Saturday, March 17, 2007

On St. Patrick’s Day My Thoughts Turn to the Ending of a War

I wondered about the pull that British voters have over their government in a previous posting. They have something in their laws that we don’t have: a “No Confidence” vote. A similar “No Confidence” vote was cast in Austin this past week by the Joint Select Committee investigating the abuses at Texas Youth Commission sites. It didn’t appear to have any effect until they all resigned en masse yesterday.

58% of Americans want the US out of Iraq. But I wonder, would we get these 58% to cast a vote of no confidence? I wonder how many would see this as a vote in support of the troops as opposed to a withdrawal of support. That seems to be the logic and reasoning of some of the conservative Democrats in Washington DC.

I am thinking about this today because today, on St. Patrick’s day, I just realized another reason that the British declared victory and got out of Iraq when they did. They are just fresh off of a little civil war that they had on their hands in Northern Ireland. That little war, euphemistically called “The Troubles” lasted, some say, for 37 years.

No wonder they wanted out when they did. What with Bush saying that this war will be won by the next president.

There are similarities between the civil war in Northern Ireland and the one in Iraq. Just as the Iraq civil was is a war between Sunni and Shia factions of the Muslim religion, the war in Northern Ireland was primarily a war between two factions of the Christian religion, Protestants and Catholics. It was also a class war with rich and powerful Protestants oppressing poor Catholics, just as Sunni were the rich ones in power during Sadam’s reign, and Shia were the oppressed. One difference is that while the Sunnis, a minority in Iraq, were the powerful oppressors, it was the Protestant majority that was the oppressors in Northern Ireland.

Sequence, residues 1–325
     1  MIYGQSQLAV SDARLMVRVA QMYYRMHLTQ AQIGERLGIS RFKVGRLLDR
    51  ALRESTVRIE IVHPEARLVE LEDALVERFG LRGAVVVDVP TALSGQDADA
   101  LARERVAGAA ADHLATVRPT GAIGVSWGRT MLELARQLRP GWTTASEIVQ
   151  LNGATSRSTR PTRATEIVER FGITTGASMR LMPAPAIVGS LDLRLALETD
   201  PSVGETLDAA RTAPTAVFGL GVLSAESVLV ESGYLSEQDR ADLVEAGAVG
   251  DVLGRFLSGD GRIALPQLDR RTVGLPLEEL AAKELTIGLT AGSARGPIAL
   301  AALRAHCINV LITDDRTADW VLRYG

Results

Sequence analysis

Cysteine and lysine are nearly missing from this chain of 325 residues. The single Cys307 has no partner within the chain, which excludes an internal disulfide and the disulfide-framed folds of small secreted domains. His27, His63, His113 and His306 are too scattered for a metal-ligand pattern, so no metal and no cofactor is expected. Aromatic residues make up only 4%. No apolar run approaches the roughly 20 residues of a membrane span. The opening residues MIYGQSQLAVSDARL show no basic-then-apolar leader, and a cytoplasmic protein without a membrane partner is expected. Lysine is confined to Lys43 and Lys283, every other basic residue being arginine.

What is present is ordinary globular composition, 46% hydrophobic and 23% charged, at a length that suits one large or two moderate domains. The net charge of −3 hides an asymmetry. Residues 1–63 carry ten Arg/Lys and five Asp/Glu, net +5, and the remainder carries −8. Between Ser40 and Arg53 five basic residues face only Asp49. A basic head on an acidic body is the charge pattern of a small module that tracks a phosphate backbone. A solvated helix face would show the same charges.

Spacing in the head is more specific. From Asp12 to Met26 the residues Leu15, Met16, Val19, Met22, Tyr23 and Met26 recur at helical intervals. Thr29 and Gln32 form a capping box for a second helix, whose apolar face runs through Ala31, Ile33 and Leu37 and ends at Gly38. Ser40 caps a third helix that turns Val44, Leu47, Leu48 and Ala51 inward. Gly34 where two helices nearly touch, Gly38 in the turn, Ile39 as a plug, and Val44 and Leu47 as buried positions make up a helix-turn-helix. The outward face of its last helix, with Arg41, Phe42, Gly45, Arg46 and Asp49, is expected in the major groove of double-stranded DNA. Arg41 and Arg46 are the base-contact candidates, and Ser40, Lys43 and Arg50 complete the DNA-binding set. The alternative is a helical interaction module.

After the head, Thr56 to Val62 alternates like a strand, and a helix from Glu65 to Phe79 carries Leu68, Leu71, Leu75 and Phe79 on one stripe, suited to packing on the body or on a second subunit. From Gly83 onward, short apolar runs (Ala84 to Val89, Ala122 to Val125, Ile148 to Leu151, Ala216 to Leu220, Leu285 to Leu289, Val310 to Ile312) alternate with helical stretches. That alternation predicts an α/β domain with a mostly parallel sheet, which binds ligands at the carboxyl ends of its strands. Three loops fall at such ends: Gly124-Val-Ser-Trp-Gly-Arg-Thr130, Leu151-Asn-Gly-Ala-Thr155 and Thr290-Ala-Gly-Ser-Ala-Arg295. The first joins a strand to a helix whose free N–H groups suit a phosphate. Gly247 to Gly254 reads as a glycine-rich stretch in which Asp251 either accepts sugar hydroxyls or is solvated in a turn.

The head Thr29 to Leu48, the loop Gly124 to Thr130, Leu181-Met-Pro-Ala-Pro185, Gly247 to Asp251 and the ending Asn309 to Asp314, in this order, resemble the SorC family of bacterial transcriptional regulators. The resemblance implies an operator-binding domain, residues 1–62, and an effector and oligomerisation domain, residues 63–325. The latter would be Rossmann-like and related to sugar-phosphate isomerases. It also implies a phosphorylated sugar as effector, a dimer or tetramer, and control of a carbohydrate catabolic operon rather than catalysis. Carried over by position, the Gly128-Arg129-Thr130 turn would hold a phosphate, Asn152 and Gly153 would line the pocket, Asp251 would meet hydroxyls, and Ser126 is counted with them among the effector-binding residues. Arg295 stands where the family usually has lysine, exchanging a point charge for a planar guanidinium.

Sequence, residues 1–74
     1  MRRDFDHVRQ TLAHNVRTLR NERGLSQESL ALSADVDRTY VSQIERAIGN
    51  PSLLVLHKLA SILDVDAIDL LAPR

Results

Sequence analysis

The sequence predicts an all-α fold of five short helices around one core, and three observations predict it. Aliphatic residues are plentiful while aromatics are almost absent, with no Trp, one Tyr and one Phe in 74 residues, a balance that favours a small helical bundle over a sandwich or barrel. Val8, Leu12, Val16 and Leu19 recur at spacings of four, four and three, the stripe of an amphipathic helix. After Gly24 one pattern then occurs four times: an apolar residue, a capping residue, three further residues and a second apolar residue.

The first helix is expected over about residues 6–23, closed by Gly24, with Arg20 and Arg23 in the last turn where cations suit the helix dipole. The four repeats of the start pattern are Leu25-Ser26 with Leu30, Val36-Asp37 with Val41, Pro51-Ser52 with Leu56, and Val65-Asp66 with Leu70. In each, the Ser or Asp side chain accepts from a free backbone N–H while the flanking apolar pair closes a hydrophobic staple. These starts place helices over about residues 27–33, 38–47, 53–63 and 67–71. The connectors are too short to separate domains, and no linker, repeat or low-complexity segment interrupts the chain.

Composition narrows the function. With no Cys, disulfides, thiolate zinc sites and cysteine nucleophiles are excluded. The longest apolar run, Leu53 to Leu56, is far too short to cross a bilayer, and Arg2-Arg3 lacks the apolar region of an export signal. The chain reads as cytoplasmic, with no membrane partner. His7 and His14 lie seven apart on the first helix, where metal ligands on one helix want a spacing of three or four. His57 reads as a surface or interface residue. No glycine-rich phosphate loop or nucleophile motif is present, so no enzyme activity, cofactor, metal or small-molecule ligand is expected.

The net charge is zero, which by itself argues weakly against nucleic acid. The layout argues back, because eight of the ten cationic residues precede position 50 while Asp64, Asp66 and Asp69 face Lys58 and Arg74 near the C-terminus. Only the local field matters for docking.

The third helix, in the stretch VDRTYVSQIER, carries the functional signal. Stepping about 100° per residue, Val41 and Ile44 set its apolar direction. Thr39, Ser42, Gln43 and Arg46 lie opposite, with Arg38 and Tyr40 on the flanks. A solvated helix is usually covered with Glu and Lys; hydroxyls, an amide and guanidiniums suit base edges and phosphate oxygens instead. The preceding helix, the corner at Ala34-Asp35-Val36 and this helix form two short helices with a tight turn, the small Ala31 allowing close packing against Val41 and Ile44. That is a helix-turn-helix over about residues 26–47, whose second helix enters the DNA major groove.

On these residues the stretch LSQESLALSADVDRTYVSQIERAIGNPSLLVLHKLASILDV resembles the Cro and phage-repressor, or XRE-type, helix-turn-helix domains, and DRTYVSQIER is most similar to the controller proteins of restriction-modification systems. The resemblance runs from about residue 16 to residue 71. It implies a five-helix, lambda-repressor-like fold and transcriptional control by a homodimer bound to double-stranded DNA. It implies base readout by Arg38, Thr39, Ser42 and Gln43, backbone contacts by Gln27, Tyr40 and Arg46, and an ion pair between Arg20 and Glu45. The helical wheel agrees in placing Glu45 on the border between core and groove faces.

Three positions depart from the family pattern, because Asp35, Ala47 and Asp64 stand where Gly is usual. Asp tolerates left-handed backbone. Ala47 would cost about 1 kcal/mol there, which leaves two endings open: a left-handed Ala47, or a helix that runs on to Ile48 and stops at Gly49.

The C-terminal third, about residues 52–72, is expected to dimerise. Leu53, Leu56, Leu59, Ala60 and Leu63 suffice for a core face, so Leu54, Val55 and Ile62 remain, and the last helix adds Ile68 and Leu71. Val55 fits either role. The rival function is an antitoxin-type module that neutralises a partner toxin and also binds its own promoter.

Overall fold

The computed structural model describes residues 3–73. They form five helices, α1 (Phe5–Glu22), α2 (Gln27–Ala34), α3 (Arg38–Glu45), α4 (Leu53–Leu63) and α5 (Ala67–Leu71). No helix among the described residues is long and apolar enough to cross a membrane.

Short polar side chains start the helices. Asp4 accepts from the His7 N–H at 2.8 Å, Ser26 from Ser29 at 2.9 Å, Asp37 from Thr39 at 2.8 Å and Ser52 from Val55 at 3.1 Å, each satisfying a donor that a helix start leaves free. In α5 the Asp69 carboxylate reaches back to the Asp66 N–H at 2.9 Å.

They were able to keep their little war going for 37 years, and there was nothing that the British occupation forces could do to stop it.

OK, so if there are so many similarities between these two civil wars, how did they finally end “The Troubles”? The reports that I read all point to one thing: everyone got tired of having a war so they just stopped. People started thinking that they could solve their differences constitutionally.

That’s what it’s going to take in Iraq, I think.

But I don’t think American soldiers need to be in there in the crossfire for another 33 years waiting for Sunnis, Shia and Kurds to get tired of whacking each other.

1 comment:

Van said...

You have to remember that it took the British to stop 4,000 years of the Irish fighting each other. They hated the British for taking everything and giving back nothing and leaving them with no resources. So when the potato famines came, those who survived, lived on boiled nettles. If we were to pull out of the Middle East, I don't think the Iraqi would stop fighting like the Irish did. But I don't think it should be our problem any more.